Dosages will be cut in half for women, and lowered for men, in an effort to prevent morning drowsiness, the Food and Drug Administration announced.
WASHINGTON — The Food and Drug Administration is requiring makers of Ambien and similar sleeping pills to lower the dosage of their drugs, based on studies suggesting that patients face a higher risk of injury due to morning drowsiness.
The agency says new research shows that the widely used sleeping drugs remain in the blood at levels high enough to interfere with driving, which increases the risk of car accidents.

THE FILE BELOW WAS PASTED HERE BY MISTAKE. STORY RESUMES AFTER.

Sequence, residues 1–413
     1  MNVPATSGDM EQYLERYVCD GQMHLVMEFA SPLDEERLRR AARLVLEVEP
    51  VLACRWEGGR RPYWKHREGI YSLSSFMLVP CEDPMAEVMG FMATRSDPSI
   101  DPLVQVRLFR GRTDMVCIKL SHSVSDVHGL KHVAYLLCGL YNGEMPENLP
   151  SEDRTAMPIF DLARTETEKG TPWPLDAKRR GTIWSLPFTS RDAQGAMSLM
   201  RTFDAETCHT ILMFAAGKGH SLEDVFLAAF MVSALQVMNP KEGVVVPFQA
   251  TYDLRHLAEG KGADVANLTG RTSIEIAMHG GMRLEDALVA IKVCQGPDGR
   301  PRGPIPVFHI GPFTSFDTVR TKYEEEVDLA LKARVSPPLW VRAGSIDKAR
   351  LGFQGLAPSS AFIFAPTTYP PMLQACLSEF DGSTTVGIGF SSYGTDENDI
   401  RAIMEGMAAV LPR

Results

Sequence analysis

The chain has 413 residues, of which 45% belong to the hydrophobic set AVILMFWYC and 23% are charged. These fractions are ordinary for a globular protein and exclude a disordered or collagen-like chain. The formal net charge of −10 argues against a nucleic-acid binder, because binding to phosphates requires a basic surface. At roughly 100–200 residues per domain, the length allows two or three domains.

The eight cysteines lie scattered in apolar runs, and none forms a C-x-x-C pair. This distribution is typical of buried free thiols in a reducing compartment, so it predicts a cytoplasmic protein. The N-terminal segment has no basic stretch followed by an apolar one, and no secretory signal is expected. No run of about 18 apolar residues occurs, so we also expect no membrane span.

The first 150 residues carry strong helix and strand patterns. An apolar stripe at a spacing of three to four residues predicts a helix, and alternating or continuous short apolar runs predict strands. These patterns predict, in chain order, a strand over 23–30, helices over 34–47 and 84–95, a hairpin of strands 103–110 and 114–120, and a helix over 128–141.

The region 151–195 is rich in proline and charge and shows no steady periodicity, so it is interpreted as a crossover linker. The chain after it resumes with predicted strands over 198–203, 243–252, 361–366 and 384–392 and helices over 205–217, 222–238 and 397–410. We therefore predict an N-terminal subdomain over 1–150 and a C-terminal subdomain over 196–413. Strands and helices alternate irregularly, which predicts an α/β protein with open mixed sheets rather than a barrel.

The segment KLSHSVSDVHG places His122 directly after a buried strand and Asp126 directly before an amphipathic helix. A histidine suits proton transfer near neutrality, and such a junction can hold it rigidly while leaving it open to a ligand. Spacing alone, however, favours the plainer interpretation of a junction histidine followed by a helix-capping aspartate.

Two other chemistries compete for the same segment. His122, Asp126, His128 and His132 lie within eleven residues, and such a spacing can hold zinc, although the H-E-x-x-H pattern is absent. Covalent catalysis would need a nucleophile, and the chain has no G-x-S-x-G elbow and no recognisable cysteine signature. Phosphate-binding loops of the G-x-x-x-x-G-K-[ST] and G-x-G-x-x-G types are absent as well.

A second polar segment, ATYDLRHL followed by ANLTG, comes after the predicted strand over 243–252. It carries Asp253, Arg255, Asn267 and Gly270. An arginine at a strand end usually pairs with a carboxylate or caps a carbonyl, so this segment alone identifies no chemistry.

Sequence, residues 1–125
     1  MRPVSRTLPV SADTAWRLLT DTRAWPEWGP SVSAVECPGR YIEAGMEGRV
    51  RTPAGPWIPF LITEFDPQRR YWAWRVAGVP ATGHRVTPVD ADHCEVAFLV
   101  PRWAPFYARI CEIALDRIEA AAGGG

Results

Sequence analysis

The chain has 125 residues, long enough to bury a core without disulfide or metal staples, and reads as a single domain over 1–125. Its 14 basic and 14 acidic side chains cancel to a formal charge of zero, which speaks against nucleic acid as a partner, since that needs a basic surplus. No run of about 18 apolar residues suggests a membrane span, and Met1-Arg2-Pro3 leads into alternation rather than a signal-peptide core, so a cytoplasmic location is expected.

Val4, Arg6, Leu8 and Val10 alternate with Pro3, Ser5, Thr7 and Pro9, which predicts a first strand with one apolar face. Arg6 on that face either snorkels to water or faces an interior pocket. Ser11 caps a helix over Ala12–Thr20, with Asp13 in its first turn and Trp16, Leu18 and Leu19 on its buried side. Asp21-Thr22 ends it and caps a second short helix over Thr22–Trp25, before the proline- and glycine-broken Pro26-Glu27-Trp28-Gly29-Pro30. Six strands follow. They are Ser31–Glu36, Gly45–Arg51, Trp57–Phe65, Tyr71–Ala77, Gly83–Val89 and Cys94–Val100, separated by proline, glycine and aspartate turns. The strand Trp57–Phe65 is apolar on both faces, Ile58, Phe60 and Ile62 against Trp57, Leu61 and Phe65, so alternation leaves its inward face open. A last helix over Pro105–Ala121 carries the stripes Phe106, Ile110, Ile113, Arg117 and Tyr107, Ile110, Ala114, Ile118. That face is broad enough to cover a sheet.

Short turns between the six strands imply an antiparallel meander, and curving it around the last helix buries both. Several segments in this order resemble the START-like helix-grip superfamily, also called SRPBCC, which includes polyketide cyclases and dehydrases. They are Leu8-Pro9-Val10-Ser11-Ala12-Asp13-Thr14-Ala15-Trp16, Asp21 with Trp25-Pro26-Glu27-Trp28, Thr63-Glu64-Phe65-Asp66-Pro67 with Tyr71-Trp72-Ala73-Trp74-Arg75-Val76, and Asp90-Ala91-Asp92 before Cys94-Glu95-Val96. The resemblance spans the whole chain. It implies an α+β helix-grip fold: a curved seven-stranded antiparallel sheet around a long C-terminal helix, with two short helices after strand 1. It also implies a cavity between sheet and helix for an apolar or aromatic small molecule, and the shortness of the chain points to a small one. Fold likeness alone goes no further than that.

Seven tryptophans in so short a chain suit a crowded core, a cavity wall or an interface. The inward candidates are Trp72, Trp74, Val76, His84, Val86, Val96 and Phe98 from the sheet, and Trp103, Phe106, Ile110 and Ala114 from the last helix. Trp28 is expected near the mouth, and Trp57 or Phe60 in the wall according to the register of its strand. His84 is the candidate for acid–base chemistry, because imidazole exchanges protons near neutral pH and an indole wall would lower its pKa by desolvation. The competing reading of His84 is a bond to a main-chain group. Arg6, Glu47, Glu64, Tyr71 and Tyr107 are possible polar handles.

Regulators are ordering drug manufacturers to cut the dose of the medications in half for women, who process the drug more slowly. The FDA is also recommending that manufacturers use the lower doses for men, though it will not be mandatory.
The new doses apply to all insomnia treatments containing the drug zolpidem, which is sold under the brands Ambien, Edluar and Zolpimist.
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